Observing AGN fuelling via molecular absorption lines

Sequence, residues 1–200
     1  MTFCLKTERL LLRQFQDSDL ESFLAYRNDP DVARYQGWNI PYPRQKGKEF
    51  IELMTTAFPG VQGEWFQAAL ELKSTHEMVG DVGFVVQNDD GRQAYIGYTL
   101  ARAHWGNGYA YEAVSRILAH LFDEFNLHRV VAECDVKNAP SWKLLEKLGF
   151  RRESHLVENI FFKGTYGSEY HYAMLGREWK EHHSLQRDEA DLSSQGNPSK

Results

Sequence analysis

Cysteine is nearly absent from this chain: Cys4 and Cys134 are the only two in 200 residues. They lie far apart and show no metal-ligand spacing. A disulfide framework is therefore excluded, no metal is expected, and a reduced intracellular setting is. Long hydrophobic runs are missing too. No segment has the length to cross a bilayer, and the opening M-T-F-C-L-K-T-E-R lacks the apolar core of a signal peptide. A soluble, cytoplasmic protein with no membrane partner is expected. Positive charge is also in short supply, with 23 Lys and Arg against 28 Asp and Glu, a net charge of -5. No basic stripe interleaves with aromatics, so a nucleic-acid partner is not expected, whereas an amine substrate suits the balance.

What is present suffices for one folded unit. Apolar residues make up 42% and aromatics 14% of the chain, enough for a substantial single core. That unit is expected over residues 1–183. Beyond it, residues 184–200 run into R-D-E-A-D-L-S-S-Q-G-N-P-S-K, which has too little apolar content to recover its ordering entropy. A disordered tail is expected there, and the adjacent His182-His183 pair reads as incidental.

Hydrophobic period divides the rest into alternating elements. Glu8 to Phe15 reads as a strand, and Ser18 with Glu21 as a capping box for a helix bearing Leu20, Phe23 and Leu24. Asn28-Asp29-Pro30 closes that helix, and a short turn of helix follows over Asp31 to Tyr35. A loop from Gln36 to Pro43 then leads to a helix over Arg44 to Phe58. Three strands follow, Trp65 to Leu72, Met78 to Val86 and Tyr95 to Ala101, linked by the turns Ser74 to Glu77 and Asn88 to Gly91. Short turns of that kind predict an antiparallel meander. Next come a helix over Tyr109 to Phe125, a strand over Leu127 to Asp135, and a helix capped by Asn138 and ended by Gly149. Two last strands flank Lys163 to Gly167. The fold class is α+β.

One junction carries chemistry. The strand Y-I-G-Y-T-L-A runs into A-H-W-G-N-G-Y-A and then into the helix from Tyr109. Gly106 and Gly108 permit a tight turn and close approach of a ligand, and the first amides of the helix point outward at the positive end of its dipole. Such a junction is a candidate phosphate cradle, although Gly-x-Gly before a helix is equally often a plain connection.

AGN and their jets are, to a large extent, powered by the accretion of cold molecular gas. Unfortunately, observing this gas on small spatial scales is difficult because it can normally only be seen en masse through emission lines. I will present observations of the molecular gas in massive galaxies on scales of just tens to hundreds of solar masses. We see the gas on this incredibly small mass scale using high angular resolution observations of the galaxies’ bright and extremely compact continuum sources — against which we see the shadows of gas clouds in the form of absorption lines. Our ALMA surveys of several galaxies have detected dozens of ~100 solar mass molecular clouds. The velocities of the clouds are revealed by the absorption’s redshift and in many cases, they’re moving towards their supermassive black hole at several hundred km/s. I will explain how these observations show the early stages of individual clouds accreting onto their host AGN. Characteristics of the absorption lines, such as their strength and width, can then be used to infer the clouds’ mass, temperature, and chemistry. Through this, we show that the gas fuelling AGN and their jets has remarkably similar properties to gas present in the Milky Way.